Alaska Cruise Industry Wants Strict Water-Pollution Rule Abolished
The Alaska cruise industry is having trouble getting traction with legislators to abolish a strict water-pollution rule approved by voters in 2006, Anchorage Daily News reports.
The cruise lines and some communities see the environmental rule as detrimental to tourism.
The 2006 law requires cruise ships to meet tougher pollution standards and puts new taxes, fees and environmental monitoring on the industry. It also bans cruise lines from applying for state permission to use mixing zones. Mixing zones allow cruise lines to discharge pollution that exceed the state’s water-quality standards. The mixing ban for cruise lines goes into effect in 2009.
House Minority Leader Beth Kerttula, D-Juneau, says revising the pollution rules may be a hard sell and seems premature because the cruise lines have until next year to comply.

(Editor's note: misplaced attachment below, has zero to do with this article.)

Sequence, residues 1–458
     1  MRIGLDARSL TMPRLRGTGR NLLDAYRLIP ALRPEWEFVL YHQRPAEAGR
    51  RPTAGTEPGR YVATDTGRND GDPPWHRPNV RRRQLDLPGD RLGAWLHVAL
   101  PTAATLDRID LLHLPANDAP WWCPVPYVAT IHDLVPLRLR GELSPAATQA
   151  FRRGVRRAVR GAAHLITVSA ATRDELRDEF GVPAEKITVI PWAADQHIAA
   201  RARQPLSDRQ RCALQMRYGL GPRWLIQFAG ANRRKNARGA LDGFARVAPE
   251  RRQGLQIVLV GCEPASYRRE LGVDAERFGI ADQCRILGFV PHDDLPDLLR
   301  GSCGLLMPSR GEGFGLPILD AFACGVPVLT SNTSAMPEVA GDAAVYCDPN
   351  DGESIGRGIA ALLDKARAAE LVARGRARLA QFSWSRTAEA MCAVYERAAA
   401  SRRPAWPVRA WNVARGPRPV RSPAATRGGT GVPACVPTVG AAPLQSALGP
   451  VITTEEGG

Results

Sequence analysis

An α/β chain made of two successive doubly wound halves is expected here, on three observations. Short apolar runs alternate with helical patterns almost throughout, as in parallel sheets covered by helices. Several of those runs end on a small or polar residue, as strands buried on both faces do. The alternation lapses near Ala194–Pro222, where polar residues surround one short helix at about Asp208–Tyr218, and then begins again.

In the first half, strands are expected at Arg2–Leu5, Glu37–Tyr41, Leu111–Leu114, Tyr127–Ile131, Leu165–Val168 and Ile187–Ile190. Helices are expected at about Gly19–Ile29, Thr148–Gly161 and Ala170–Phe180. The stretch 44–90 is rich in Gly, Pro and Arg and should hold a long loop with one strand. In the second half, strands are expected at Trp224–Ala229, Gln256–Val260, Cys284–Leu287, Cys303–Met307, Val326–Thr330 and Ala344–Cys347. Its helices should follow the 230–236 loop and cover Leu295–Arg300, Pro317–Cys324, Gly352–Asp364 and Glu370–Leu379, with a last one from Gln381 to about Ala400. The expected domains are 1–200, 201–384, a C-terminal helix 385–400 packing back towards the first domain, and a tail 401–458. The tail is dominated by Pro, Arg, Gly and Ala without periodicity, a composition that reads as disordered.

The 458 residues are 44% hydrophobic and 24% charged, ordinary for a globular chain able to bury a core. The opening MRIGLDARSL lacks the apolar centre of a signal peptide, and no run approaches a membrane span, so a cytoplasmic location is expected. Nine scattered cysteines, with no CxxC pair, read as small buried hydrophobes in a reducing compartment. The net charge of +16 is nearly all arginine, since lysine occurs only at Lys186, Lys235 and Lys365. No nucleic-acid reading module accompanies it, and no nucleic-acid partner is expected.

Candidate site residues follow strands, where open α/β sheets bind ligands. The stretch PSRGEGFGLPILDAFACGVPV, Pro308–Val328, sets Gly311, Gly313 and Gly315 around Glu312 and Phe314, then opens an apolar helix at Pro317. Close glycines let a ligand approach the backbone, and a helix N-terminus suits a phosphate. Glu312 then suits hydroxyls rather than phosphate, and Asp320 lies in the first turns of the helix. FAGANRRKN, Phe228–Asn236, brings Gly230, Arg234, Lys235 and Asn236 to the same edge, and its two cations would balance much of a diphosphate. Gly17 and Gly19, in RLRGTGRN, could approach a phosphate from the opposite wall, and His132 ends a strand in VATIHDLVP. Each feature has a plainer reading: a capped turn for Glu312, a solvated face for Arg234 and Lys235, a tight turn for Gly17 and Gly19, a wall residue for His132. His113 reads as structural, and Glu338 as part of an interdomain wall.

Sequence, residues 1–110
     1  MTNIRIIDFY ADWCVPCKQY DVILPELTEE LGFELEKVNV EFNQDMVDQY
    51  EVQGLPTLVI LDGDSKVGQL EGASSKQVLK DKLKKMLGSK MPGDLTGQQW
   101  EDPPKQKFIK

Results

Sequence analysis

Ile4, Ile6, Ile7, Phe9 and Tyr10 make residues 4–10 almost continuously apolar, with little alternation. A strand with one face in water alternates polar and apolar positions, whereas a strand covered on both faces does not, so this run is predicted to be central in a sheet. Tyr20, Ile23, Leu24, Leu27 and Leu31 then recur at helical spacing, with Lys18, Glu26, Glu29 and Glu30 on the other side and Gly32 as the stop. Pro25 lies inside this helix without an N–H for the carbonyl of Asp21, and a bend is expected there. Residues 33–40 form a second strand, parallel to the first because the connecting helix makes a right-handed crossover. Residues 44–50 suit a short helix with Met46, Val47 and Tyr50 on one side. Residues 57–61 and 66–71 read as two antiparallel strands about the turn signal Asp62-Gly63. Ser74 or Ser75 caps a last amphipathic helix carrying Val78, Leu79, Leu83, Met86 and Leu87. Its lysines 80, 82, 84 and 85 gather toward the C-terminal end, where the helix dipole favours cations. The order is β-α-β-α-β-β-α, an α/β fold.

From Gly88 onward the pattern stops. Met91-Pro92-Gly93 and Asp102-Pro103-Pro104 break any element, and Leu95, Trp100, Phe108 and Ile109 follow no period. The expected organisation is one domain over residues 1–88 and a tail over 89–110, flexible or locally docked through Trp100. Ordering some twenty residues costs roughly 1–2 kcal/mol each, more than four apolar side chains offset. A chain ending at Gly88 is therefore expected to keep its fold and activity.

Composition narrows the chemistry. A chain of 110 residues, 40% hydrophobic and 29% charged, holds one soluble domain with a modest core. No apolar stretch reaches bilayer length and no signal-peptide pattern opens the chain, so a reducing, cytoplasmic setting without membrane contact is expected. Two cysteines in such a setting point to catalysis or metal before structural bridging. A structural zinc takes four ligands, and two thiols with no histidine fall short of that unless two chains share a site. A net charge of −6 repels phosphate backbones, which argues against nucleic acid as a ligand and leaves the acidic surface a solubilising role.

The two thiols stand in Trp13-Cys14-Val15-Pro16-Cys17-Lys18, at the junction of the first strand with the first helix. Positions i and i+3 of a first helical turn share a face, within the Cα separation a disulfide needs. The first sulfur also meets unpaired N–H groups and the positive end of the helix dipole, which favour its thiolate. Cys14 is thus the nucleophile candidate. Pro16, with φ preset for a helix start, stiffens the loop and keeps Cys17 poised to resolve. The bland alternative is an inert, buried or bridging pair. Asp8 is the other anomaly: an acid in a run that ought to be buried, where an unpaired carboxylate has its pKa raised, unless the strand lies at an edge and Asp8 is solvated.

Cruise ships emit three times more CO2 than airplanes, EL reported last year.
Cruise ships contend they are working hard to lessen their environmental impact. Royal Caribbean said it had installed advanced water purification systems on board and smokeless gas-turbine engines and that it also burns bio-fuel when available.
Energy Manager News
- Tesla’s Battery Storage Device Put to Use. Time to Exhale?
- Variable Speed Drives are a Powerful Efficiency Tool
- Veolia Checks Into the UK’s Tallest Hotel
- Massachusetts Aims for Critical Care Resiliency
- State of Michigan and MISO Propose Retail Capacity Charge
- Breaking the Ice with Thermal Energy Storage
- Ameresco to Upgrade Federal Prison in Butner, NC
- Alpen Introduces Window Package Rated at R10 Insulation